Rhett Krawitt is seven years old. He is also a cancer survivor. After spending most of his young life battling leukemia, he is now taking up a new cause: fighting for mandatory vaccines.
For close to four years, while he underwent chemotherapy, Rhett couldn’t be vaccinated against dangerous and contagious diseases like measles and whooping cough. He had to rely on others around him for protection: As long they were vaccinated, transmissions were unlikely. But as a student in Marin County, California, an area where many parents file personal belief exemptions enabling their kids to opt out of required vaccines, Rhett was at risk.
In recent years, the number of parents who use nonmedical vaccine exemptions has been on the rise, contributing to record numbers of vaccine-preventable outbreaks. After the Disneyland measles outbreak, which accounts for most of the 150 new measles cases reported across 17 states since the beginning of the year, Rhett and his family began calling on legislators to put limits on vaccine exemptions—and they weren’t alone.
Last Wednesday, in conjunction with advocacy organization MoveOn.org, Rhett helped deliver a petition, along with 21,000 signatures, calling on California legislators to support a new bill that would put an end to nonmedical vaccine exemptions and inform parents about immunization rates in California’s schools.
California has been hit the hardest in the recent outbreak, but it’s not the only state now seeking to curb vaccine exemptions. Nine other states—including Oregon, a state with one of the highest percentages of parents who file exemptions—have proposed legislation that would eliminate either personal belief exemptions or religious belief exemptions.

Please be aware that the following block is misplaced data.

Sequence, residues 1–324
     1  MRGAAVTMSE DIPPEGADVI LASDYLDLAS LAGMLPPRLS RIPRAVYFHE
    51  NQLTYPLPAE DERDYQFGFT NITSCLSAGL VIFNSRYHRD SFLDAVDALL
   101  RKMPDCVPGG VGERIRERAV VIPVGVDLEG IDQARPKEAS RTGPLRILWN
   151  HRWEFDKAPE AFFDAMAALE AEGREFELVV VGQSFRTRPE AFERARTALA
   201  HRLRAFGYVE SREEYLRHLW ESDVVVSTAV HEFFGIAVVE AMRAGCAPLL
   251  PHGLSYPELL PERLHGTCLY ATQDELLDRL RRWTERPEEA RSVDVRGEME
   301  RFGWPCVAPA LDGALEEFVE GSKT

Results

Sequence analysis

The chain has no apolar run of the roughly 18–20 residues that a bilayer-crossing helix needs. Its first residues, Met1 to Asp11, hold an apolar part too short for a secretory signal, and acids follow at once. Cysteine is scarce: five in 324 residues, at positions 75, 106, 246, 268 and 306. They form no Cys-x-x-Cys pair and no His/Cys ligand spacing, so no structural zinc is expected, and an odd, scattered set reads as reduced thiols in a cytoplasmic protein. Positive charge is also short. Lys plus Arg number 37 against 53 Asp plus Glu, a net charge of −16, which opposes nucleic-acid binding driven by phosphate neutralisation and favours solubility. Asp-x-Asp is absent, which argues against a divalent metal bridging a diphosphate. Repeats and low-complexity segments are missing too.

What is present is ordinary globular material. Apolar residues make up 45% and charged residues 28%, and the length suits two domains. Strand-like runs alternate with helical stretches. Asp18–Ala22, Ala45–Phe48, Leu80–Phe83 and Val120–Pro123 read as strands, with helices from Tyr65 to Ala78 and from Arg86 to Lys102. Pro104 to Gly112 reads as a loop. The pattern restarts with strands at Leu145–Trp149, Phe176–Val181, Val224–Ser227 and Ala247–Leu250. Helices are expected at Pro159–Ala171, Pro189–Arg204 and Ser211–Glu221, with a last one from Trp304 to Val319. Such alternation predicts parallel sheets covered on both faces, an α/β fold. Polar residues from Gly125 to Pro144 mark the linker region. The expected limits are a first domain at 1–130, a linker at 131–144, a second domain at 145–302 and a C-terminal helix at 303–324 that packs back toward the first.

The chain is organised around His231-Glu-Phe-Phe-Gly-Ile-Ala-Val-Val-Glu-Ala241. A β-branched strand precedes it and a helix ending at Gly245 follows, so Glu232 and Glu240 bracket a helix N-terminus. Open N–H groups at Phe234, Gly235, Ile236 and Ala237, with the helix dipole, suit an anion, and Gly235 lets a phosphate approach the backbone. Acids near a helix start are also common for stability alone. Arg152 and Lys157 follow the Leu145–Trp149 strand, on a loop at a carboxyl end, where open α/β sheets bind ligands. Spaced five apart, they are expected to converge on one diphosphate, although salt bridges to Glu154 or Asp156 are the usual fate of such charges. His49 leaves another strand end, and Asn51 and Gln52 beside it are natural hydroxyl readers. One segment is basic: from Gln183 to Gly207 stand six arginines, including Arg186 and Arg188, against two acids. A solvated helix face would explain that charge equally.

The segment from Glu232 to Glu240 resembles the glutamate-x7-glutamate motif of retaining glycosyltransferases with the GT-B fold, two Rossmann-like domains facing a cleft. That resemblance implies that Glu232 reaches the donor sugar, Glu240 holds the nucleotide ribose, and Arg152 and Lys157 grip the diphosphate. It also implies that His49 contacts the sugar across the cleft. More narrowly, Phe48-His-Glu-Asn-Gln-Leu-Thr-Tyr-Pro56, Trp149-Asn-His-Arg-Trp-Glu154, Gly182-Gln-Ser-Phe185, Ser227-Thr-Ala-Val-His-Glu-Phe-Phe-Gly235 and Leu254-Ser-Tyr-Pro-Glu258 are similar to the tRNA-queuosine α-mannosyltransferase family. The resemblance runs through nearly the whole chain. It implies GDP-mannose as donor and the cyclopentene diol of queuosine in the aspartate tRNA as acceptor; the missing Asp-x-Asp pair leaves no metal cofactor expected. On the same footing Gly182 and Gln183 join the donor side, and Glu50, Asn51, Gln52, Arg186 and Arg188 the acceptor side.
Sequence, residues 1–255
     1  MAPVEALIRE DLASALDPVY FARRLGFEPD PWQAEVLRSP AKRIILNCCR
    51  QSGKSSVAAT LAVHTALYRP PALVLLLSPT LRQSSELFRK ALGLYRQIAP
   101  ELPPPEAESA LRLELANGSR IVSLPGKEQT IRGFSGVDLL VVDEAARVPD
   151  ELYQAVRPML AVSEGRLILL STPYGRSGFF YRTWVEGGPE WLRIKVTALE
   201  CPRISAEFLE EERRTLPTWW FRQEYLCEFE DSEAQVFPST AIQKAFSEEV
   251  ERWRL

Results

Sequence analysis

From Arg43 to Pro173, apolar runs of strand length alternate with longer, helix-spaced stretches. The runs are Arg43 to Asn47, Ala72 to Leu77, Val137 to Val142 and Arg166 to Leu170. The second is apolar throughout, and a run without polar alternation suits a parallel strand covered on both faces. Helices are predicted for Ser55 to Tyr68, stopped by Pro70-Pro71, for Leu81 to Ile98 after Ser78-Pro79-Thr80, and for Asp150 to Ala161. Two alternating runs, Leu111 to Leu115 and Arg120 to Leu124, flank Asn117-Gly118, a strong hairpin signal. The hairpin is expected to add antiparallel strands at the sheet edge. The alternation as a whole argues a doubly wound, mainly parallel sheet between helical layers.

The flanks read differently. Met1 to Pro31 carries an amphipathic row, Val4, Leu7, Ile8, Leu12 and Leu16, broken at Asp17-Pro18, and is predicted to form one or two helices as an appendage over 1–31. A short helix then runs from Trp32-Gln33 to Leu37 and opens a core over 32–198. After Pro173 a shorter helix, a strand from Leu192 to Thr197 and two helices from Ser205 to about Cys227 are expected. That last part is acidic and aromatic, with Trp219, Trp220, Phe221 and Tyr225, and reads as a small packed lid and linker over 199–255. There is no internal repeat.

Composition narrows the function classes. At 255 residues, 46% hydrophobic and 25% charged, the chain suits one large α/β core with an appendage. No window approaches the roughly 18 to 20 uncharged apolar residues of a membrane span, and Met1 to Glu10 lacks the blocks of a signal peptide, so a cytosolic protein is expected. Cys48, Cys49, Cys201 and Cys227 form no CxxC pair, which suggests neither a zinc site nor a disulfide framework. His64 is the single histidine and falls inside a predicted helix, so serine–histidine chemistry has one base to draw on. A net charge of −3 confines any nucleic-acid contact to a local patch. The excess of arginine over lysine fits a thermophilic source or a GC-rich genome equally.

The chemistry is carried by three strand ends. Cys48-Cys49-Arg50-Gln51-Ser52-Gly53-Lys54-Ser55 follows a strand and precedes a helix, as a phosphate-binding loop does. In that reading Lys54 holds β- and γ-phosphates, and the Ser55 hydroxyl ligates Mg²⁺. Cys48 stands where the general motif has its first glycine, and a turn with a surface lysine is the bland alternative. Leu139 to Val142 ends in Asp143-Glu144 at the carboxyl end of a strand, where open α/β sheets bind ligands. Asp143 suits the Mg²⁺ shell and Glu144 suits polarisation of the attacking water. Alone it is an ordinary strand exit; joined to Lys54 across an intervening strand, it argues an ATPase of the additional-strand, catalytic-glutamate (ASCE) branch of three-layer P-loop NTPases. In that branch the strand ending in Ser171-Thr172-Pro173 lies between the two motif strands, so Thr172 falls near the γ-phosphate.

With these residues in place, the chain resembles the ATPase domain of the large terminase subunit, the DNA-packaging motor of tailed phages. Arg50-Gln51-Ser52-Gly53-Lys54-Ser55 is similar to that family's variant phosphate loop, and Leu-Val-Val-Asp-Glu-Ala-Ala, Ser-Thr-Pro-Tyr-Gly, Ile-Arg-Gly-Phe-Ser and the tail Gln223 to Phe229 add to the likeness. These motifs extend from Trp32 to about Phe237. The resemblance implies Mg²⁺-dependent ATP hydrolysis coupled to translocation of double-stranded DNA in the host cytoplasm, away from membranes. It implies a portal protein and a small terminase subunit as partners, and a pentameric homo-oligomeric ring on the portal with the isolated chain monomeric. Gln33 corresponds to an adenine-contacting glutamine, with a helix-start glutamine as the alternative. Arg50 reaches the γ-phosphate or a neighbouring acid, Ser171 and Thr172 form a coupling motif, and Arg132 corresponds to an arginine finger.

Other states have introduced vaccine bills that would make exemptions harder to obtain or increase the ability of health officials to track where vaccination gaps exist. Overall, since the beginning of this year, 79 vaccine bills have been introduced in 29 states.
Not everyone is happy about it. The National Vaccine Information Center (NVIC), which describes itself as the “oldest and largest consumer led organization advocating for the institution of vaccine safety and informed consent protections,” and issues online action alerts about legislation that would make it harder to opt out of vaccines—and instructs members on how to fight against it.
Vaccine advocates, however emphasize that the new bills are vital to public health. “This is not a matter of private health, like home birth or vitamin choices a family makes in their own home,” MoveOn member Hannah Henry, a mother of four, wrote in a statement included with the California petition. “It is not about politics; it is about children’s lives.”